To the guest lessonists—thank you for being apart of something so special. Thank you for telling your story.

And of course—the readers. You are all so special to me. Thank you for lending a listening ear. I hope you have all learned and grown in some way. If you remember just one thing from these 365 days—then I’ve done my job.

I thank this blog for allowing me the space to not be perfect. I thank this blog for teaching me about self control and dedication—but for also teaching me about the fact that shit happens. Living comes before anything else, and you have to momentarily leave all guilt and thoughts if you’re going to do it fully. I thank this blog for teaching me how to be scared, but doing it (or writing it) anyway. I thank this blog for teaching me to live with thicker skin, but to be open, honest, and vulnerable.

Most of all, I want to thank this blog for challenging me to look for the best in each and every single day—especially when there was no “best” in the day—for confronting it, expressing it, and turning it into something meaningful.

I will miss this so much.

I no longer have an excuse to find the best in each day—but I hope this year has taught me how.

It’s good to know some things don’t change.

But it’s good to know some things do.

This blog has added so much color to my life. It been more than a blog for me; it has been a journey. And I can’t believe I did it.

It feels weird coming to the end. It feels like I’m not finished; like there’s so much more to say.

And that’s because there is.

The lessons we learn are perennial. They will continue to arise in many shapes, sizes, and forms.

It all branches on one big tree. They stem from the root of life, and they turn out to all be a part of the same foundation. I’ve found that all lessons all come back to the same core concepts, and this is what I’ve come to know.

Do what makes you happy,

be passionate, compassionate, and kind,

and always, always, always keep learning.

The world will keep telling us this time and time again.

And so will I.

1044337_10201509467042724_982591471_n

Day 365.

Advertisements

Lesson #360: Bad day blues?

7/15/15.

Remember this day?

I lied.

It gets worse.

The night after I got less than two hours of sleep, I stayed an hour and a half late at my internship finishing up work. Exhausted and ready to go home, I was forced to confront one of my worst fears: being stuck on an elevator. First in complete disbelief and then in complete panic, I called my mom to  tell her my final goodbye and that I love her. Finally, security answered my emergency call.

Turns out I wasn’t stuck. Interns just aren’t allowed to be there that late and my badge stopped working.

It was the best.

I walked past the man at the front desk with my head hung in embarrassment. I was the real life Damien from Mean Girls. (“Don’t look at me.”) I got in my car only to be reminded by the bright orange light on my dashboard that I had no gas.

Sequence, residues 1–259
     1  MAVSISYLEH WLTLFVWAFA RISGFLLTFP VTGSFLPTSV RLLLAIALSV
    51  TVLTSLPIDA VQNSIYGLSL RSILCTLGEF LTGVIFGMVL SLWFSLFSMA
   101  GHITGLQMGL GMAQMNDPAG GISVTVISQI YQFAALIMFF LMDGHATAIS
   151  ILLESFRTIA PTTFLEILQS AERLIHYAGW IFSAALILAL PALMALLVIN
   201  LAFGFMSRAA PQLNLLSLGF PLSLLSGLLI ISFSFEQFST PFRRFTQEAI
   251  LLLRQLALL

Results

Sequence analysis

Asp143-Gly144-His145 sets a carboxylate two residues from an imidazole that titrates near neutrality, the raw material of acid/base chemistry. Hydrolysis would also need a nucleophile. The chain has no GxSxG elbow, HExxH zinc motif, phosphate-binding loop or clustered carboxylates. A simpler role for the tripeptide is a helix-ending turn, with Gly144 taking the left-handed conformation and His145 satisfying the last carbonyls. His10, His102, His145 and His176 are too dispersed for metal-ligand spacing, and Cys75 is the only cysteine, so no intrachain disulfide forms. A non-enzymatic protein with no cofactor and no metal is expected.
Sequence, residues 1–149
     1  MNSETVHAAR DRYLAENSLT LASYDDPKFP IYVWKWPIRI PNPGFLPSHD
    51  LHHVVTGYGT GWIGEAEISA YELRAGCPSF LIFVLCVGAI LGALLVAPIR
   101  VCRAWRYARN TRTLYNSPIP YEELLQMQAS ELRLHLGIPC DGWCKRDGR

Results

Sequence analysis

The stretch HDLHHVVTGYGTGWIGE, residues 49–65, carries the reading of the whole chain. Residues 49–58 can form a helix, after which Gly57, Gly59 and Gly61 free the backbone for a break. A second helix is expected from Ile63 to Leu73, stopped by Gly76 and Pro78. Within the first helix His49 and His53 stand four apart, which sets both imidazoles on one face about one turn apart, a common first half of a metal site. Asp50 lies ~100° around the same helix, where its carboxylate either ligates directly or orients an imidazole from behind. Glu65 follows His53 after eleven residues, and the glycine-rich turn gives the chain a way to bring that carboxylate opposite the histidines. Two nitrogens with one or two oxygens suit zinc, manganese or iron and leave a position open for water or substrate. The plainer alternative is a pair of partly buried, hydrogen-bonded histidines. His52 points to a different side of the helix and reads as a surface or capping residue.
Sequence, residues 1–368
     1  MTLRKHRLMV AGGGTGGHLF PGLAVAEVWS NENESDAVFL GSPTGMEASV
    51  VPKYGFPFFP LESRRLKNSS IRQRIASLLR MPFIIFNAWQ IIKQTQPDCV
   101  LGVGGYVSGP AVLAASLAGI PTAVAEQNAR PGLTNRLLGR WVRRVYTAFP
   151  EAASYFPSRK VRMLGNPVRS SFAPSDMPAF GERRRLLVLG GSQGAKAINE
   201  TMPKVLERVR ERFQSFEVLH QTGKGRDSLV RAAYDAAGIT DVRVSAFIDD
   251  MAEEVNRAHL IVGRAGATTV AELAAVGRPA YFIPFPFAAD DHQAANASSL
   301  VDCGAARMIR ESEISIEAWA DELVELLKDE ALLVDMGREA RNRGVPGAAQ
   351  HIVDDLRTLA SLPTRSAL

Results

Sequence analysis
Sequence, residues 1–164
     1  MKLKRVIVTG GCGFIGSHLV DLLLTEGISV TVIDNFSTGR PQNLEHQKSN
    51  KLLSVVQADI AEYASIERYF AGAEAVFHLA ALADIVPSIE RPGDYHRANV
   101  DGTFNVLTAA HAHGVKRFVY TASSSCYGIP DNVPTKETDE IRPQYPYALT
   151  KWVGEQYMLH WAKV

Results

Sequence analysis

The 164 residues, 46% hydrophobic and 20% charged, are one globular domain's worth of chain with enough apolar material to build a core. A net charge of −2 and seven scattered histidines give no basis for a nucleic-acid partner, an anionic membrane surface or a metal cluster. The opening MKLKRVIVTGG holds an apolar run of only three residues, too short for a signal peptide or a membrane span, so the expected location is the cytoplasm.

By the time I got to the gas station, I was sobbing on the phone to my parents like a five year old. I felt out of place at stoplights and intersections, in a business blazer much like the other people making their way home.

Except I was 20. And crying.

Thinking about it now, I realized even though it absolutely sucked and all I wanted to do was sleep when I got home, nothing about it was too too bad.

I wasn’t hurt, I didn’t lose anything, and no real damage was done.

I don’t really know what I learned today.

But I was thinking about how long I’ve been writing this blog, and how many bad days I’ve had, and how you’ve had to hear me talk about all them—because whatever it was was happening in my life at the time.

And that’s just it.

It is what was happening… at the time.

Bad days happen.

They happen, and they keep happening, and they will happen until the end of our time.

It’s what was happening at the time.

It’s strange—because there’s so much power in that statement.

What’s happening “at the time” can consume our lives.

It’s what we know in those moments and days, and sometimes it’s hard to think outside of that.

So let it.

Like my very first lesson, use bad days as an excuse. (I mean… this blog was a product of a bad day and it turned out pretty okay, right?)

It the perfect reason to ugly cry, scream a little, give up momentarly—

and then reset.

And that’s the best part of it all.

Sometimes we need to crash and burn to rise again.

Day 360.

Lesson #357: Get her to the Getty.

7/12/15.

As soon as the museum director said “There’s a great power in observing anything” in the orientation video, I knew it was going to be a good day.

Today we took a trip to the Getty Museum.

11027485_10204919620814437_6771853089776415716_n

When we looked up from the bottom of the highway, we spotted the large white museum sitting atop a tree-scattered mountain with a beautiful view. If ever a building could be majestic, it was this one. Upon riding the tram up the mountainside and stepping into each of the massive buildings, we found the interiors rich with paintings, busts, sculptures, photos, and decorative antiques lining every wall and corner of each room. Outside of the gorgeous stone and marble walls, we zig-zagged down a staircase into the garden. There were bright green trees, plants, flowers in full bloom, and a small stream running through the garden that dropped into a waterfall. Everything about the museum was pristine, well designed, and absolutely breathtaking.